Soluble CD163 from activated macrophages predicts mortality in acute liver failure.

Department of Clinical Biochemistry AS, Aarhus University Hospital, Aarhus, Denmark.
Journal of Hepatology (Impact Factor: 10.4). 12/2007; 47(5):671-6. DOI: 10.1016/j.jhep.2007.05.014
Source: PubMed

ABSTRACT Soluble CD163 (sCD163) is a scavenger receptor shed in serum during inflammatory activation of macrophages. We investigated if sCD163 was increased and predicted outcome in acute liver failure (ALF).
Samples from 100 consecutive patients enrolled in the U.S. ALF Study Group for whom sera were available were collected on days 1 and 3, and clinical data were obtained prospectively. sCD163 levels were determined by ELISA.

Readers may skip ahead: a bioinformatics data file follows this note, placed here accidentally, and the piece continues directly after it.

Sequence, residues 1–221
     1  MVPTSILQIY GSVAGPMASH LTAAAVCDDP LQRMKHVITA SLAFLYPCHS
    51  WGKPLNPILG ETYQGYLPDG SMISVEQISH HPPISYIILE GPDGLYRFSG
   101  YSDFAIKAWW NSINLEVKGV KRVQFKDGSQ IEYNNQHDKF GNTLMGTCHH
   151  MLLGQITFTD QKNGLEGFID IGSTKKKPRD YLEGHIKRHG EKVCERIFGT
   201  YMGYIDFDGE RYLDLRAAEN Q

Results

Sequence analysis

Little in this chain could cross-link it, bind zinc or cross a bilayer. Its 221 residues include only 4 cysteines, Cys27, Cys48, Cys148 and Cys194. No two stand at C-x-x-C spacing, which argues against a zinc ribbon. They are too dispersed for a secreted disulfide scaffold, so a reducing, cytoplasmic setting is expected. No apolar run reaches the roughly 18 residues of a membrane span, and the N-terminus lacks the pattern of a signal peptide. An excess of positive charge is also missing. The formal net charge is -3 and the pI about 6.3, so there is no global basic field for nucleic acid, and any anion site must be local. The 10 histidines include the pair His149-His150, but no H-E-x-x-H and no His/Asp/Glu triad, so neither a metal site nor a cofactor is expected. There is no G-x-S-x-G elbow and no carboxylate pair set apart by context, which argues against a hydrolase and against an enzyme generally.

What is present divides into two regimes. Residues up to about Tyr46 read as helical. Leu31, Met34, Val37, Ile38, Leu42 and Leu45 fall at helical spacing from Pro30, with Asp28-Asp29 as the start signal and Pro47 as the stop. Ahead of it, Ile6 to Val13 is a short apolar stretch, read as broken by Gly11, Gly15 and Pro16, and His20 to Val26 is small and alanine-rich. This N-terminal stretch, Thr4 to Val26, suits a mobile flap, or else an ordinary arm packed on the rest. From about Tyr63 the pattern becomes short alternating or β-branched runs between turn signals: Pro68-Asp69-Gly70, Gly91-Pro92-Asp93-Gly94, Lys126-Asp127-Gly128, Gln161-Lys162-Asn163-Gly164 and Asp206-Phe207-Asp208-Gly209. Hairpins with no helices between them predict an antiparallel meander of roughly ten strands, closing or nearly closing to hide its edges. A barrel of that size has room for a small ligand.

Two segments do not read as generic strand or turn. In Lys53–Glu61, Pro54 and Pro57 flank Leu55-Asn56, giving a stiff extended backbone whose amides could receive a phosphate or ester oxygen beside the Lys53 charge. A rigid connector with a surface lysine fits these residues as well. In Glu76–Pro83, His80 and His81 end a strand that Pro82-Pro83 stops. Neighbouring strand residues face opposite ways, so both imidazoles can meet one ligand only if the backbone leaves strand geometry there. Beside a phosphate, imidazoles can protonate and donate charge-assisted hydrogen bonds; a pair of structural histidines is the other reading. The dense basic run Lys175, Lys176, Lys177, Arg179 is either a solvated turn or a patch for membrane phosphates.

The median level of sCD163 was significantly increased in ALF (21.1mg/l (range 3.6-74.9)) as compared to healthy controls (2.3mg/l (0.65-5.6), p<0.0001) and patients with stable liver cirrhosis (9.8mg/l (3.6-16.9), p=0.0002). sCD163 on day 1 correlated significantly with ALT, AST, bilirubin, and creatinine. sCD163 concentrations on day 3 were elevated in patients with fatal outcome of disease compared to spontaneous survivors, 29.0mg/l (7.2-54.0) vs. 14.6mg/l (3.5-67.2), respectively (p=0.0025). Patients that were transplanted had intermediate levels. Sensitivity and specificity at a cut-off level of 26mg/l was 62% and 81%, respectively.
Activated macrophages are involved in ALF resulting in a 10-fold increase in sCD163. A high level (>26mg/l) of sCD163 was significantly correlated with fatal outcome and might be used with other parameters to determine prognosis.

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